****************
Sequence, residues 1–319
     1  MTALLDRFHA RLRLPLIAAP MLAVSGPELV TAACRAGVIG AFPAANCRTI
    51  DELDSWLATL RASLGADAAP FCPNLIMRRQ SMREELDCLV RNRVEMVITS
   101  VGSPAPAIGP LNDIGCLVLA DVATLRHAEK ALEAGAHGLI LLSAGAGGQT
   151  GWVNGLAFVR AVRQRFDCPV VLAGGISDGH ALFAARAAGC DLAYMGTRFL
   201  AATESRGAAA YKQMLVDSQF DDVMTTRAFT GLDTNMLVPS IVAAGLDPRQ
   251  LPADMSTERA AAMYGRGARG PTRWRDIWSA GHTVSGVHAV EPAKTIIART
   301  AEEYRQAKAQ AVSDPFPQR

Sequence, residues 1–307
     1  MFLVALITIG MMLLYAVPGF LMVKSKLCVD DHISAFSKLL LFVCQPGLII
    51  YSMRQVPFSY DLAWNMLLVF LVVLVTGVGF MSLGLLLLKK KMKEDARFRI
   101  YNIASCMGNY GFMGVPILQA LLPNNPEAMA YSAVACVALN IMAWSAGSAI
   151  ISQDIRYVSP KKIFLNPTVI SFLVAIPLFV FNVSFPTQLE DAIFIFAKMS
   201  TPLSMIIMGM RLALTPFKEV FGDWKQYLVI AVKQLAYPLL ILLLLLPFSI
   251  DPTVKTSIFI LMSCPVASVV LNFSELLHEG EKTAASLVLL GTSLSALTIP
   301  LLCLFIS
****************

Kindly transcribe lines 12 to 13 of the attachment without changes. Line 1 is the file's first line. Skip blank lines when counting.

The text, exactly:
   101  YNIASCMGNY GFMGVPILQA LLPNNPEAMA YSAVACVALN IMAWSAGSAI
   151  ISQDIRYVSP KKIFLNPTVI SFLVAIPLFV FNVSFPTQLE DAIFIFAKMS